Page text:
UC San Diego
Effects of imidacloprid on the ability of honey bee foragers to distinguish safe and unsafe food sources
- Author(s): DeRight Goldasich, Lindsay Nicole
- Advisor(s): Nieh, James C
- et al.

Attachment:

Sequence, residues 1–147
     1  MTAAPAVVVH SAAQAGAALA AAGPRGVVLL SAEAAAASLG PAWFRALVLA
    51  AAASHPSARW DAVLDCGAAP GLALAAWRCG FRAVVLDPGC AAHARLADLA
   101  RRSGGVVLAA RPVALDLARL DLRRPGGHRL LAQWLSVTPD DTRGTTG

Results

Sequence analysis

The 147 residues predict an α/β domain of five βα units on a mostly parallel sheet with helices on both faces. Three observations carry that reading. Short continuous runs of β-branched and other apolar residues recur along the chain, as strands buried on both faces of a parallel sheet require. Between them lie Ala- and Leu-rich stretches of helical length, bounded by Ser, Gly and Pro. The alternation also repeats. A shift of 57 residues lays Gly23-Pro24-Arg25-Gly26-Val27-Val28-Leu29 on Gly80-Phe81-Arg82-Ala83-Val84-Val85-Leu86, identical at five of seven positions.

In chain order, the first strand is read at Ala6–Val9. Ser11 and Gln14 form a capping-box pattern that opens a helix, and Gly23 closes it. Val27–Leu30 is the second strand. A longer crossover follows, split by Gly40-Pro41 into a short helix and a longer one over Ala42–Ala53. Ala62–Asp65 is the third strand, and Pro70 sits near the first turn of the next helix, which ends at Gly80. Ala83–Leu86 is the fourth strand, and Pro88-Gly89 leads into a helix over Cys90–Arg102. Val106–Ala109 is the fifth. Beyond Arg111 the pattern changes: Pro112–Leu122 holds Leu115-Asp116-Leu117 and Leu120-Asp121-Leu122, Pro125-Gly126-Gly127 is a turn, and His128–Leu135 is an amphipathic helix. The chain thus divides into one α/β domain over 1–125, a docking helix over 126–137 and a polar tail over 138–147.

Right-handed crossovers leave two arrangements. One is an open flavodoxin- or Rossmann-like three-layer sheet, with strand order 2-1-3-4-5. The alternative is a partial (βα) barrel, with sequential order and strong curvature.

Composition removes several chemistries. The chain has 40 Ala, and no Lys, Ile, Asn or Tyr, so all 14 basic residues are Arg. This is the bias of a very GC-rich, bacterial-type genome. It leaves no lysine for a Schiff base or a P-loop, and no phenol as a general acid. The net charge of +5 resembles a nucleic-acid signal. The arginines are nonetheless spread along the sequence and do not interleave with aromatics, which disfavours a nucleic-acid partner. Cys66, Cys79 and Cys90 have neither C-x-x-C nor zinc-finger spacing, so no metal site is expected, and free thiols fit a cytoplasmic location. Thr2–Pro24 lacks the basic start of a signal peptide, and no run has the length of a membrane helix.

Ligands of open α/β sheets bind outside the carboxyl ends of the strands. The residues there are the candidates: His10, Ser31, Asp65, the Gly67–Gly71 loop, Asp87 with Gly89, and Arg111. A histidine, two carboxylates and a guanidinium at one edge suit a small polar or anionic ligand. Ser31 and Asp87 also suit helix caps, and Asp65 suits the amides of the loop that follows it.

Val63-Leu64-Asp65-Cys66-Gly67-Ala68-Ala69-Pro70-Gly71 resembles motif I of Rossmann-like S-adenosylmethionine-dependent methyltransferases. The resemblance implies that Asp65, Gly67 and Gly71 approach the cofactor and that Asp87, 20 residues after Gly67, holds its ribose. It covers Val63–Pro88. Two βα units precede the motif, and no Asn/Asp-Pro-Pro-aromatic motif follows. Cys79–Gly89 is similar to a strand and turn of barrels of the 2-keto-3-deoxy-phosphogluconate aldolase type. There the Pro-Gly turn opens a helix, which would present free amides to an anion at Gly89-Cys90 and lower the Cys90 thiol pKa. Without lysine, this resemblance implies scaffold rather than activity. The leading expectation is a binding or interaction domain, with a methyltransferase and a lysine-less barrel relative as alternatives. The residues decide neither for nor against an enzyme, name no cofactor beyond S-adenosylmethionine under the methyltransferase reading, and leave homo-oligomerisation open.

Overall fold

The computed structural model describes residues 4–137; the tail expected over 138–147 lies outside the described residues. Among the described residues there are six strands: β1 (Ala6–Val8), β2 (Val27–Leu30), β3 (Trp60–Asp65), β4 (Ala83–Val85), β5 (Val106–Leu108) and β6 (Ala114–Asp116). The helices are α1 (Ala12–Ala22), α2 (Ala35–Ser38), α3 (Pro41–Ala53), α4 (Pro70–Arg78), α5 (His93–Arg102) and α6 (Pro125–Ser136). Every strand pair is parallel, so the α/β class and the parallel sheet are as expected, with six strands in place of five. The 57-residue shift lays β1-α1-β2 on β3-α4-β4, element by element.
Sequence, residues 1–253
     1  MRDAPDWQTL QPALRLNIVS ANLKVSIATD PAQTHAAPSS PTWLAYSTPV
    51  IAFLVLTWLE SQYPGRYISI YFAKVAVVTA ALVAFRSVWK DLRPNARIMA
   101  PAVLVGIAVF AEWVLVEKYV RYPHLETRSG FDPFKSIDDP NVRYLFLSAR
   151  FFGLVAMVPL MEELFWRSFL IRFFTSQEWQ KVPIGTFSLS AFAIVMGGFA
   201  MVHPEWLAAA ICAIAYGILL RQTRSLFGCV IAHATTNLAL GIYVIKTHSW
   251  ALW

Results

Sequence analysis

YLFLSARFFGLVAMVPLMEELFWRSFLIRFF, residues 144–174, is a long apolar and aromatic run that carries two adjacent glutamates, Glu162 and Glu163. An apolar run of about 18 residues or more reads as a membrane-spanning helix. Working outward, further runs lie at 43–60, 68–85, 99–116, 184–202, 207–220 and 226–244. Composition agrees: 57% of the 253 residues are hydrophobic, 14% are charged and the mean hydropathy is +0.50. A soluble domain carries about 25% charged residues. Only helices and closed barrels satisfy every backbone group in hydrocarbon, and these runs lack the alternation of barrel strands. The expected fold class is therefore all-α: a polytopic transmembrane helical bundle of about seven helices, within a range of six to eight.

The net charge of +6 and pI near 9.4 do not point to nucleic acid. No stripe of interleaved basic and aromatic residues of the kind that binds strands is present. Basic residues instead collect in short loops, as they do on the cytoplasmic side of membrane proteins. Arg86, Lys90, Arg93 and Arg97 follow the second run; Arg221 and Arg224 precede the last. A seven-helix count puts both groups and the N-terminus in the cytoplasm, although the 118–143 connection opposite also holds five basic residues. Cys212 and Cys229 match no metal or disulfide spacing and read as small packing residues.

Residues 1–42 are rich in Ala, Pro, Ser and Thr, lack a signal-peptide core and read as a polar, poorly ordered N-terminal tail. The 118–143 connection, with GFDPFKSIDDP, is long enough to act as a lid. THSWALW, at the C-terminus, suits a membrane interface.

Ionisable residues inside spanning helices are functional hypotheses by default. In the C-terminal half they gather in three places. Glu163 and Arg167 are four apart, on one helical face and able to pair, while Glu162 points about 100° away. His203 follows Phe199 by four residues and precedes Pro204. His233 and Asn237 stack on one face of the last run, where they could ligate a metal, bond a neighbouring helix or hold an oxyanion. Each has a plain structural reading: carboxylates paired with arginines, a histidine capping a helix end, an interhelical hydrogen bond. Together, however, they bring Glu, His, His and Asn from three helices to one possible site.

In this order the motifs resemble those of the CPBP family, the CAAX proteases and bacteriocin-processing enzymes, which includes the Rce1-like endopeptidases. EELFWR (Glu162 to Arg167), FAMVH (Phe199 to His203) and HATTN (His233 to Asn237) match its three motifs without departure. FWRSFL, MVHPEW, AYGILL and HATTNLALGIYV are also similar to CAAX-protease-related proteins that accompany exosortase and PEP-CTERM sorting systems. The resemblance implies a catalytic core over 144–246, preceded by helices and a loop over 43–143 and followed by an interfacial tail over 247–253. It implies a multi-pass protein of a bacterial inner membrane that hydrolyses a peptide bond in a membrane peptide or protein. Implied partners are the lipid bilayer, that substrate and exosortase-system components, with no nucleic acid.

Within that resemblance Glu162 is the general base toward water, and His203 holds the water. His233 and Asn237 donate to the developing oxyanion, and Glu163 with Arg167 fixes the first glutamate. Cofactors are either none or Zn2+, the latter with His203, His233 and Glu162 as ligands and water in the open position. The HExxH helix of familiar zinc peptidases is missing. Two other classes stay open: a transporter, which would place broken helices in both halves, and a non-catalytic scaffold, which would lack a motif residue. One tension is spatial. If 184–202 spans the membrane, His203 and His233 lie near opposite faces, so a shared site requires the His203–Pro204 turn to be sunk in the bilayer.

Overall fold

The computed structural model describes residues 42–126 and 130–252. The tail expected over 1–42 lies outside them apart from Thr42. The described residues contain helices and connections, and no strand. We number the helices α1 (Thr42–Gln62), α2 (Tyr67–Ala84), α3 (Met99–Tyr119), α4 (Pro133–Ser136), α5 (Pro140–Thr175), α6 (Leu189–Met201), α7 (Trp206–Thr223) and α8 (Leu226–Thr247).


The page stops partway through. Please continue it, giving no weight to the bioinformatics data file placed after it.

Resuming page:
Pesticides can harm honey bee health and foraging behavior, even when bees are exposed to sublethal doses. We tested the effect of imidacloprid, a common neonicotinoid pesticide, on honey bee avoidance of danger during foraging in indoor and outdoor feeder choice trials. Danger stimuli consisted of honey bee sting gland alarm pheromone or live praying mantises. In outdoor foraging experiments in which bees chose between two feeders, bees fed repeatedly upon sucrose solution containing a high but field-realistic concentration of 40 μg/L imidacloprid. However, there was no effect of pesticide treatment. Neither pesticide nor control bees demonstrated significant avoidance of the live mantis (P≥0.63 for non pesticide bees and P≥0.42 for pesticide bees). In contrast, control bees avoided the alarm pheromone feeder in all three consecutive choices (P≤0.01). Pesticide-treated bees avoided the alarm pheromone feeder only on their second choice (P=0.004). There was no significant overall effect of pesticide treatment in this experiment. In indoor trials designed to mimic outdoor foraging under controlled conditions, bees exposed to 1 ng or 2.16 ng of imidacloprid spent 16-26% less time on the side of the indoor arena with alarm pheromone as compared to control bees. These trials possibly presented a different context: bees attempting to escape rather than forage. Overall, our results do not provide strong support for the hypothesis that imidacloprid alters bee decision-making about danger in the context of foraging, though the indoor trials suggest a new avenue of investigation into the effects of imidacloprid on honey bee escape behavior.